A homeowner association may be liable for a dog attack that occurs on its property. An attorney experienced in handling dog bite cases will consider HOA responsibility if the dog bite occurs on HOA property. The O’Hara Law Firm in Houston has successfully resolved cases against HOAs for clients who were members of an HOA and attacked on HOA common property. There are a variety of situations where an HOA could be found culpable for a dog bite.
Consider the following hypothetical. A member of the Fall Creek Home Owners Association is walking in the neighborhood. A dog escapes through a hole in the fence and attacks the member. The member suffers severe lacerations from the bite and undergoes emergency medical care for her injuries. As a result of the attack, the woman has permanent scarring and disfigurement.
The dog owner is at fault for allowing his dog to escape in violation of county ordinances. However, the HOA may be responsible as well. If the HOA received complaints about the same dog escaping on prior occasions, knew about the hole in the fence, and did nothing to remedy the situation, the HOA likely failed to enforce its own bylaws and/or declarations. The HOA failed to act as a reasonably prudent HOA if it did not enforce its own rules and regulations. The HOA should have sent letters, possibly fined the homeowner, and maybe even repaired the fence depending on the length of time the violation occurred. Under these circumstances, the bite victim would have a colorable claim against the HOA.
Victims of Dog Attacks Because of HOA Negligence
The HOA would bear even more responsibility if the fence that the dog escaped from is under the management and control of the HOA. Instead of failing to enforce a rule against a homeowner, the HOA failed to repair and maintain property under its direct control. It is not uncommon for homeowner associations to be responsible for fences abutting the edge of the subdivision and/or common areas. In Forest Ridge Property Owners Association and Second Victorian Village Townhouse Corporation, homeowners were injured because the associations failed to maintain fences that were their responsibility to maintain and repair.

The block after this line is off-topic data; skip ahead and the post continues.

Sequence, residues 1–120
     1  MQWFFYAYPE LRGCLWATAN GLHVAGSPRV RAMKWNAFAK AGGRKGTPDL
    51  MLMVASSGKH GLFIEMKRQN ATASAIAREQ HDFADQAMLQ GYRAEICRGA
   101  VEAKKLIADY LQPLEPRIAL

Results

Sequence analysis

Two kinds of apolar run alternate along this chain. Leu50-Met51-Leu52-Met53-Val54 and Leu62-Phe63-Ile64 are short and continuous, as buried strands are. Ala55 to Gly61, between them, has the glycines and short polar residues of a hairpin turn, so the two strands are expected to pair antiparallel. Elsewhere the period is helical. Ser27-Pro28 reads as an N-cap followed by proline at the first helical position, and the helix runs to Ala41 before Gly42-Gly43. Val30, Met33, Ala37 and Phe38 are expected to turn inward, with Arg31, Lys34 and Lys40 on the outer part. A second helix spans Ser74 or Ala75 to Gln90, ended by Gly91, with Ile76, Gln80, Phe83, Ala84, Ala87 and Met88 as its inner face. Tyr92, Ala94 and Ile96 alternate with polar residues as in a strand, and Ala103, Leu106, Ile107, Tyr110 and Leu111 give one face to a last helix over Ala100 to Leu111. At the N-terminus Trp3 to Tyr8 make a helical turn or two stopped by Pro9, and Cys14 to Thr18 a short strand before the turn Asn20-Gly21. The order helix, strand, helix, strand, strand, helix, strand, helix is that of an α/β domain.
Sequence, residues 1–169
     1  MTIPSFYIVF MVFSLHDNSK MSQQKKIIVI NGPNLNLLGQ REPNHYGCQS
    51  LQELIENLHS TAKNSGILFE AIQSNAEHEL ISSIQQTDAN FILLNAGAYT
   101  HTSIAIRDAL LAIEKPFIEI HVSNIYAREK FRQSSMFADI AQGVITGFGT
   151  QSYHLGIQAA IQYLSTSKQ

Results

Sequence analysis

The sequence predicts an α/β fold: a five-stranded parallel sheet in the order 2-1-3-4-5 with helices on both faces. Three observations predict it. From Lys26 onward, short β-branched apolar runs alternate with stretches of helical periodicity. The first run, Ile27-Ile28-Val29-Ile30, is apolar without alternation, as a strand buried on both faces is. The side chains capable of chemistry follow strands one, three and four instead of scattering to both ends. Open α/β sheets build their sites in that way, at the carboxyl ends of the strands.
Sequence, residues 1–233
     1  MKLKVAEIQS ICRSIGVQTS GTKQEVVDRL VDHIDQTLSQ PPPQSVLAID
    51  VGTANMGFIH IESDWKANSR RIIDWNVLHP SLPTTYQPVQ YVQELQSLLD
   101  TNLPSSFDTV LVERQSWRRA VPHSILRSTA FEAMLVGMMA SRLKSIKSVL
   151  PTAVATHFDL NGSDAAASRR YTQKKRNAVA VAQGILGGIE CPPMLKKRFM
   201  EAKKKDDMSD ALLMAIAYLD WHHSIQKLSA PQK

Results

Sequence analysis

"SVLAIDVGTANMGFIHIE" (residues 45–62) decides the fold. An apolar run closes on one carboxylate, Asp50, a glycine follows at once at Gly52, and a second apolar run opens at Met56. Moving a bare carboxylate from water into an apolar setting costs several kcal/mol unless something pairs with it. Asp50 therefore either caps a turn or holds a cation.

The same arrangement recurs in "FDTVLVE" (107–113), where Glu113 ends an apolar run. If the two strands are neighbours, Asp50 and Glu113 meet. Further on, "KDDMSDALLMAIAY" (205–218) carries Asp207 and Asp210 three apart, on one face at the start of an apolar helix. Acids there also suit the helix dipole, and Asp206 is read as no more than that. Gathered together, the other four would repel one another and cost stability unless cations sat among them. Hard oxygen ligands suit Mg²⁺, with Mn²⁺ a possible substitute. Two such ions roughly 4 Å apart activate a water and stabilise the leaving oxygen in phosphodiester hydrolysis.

In both instances, pit bull mixes escaped from holes in the fences. The HOAs failed to adequately inspect the fences; thus, the fences remained in disrepair for several months or longer before the victims were attacked. In both instances, the HOAs cited the homeowners for deed restriction violations unrelated to the fence but never repaired the fences under the control of the HOAs. The HOAs were prompt in pointing out violations of homeowners but were not prompt in maintaining fences which were the responsibility of the HOA and management company to maintain. In both instances, the pit bulls attacked women who were walking in the common areas. Both women were not able to escape from the attack without the assistance of family members nearby. If they had been alone, they might have died.
HOAs should take seriously complaints about loose dogs and/or aggressive dogs in the community. If an HOA ignores these complaints, it ignores them to its peril. A homeowner association has a duty to not only protect property values, but also the safety of its members. HOA board members all too often focus on property values without considering the importance of protecting the well-being and safety of the homeowners.
HOA boards routinely hire management companies to help them perform their duties. Often, these management companies perform routine inspections of homes for deed restriction violations, send out notices, and aid with accounting and other matters. It is important that the board employ a competent management company. If the management company is negligent in performing its duties, ultimate liability will fall upon the HOA. The HOA is responsible for the conduct of the management company because it is the agent of the HOA.
HOAs often carry insurance to defend and indemnify them against negligence claims. If an HOA fails to obtain insurance, the entire association will be responsible for a judgment against the HOA. If the judgment is large enough, the board may have to issue a special assessment to all the homeowners to pay the judgment.
Important Actions to Take as HOA Members
A property owner should alert the HOA if a dog owner allows his dog to run loose or has a fence in disrepair that may allow a dog to escape. The notification will put the HOA on notice to enforce the deed restrictions and bylaws. If the HOA ignores the complaint and the dog later bites someone when it is loose, the HOA may have responsibility for the victim’s damages. Too often, neighbors of the dog owners are the victims. By notifying your HOA of a neighbor with a loose dog, you decrease the likelihood of being attacked by the dog, or at minimum, increase the chances of receiving compensation if you are injured by the dog.
Patrick O’Hara is an aggressive attorney in Houston that has experience handling a variety of dog bite cases. Lawyers in Texas routinely refer dog bite cases to Patrick O’Hara because of his experience and success representing dog bite victims. The O’Hara Law Firm represents clients on a contingency fee basis. Call us at 832-956-1138.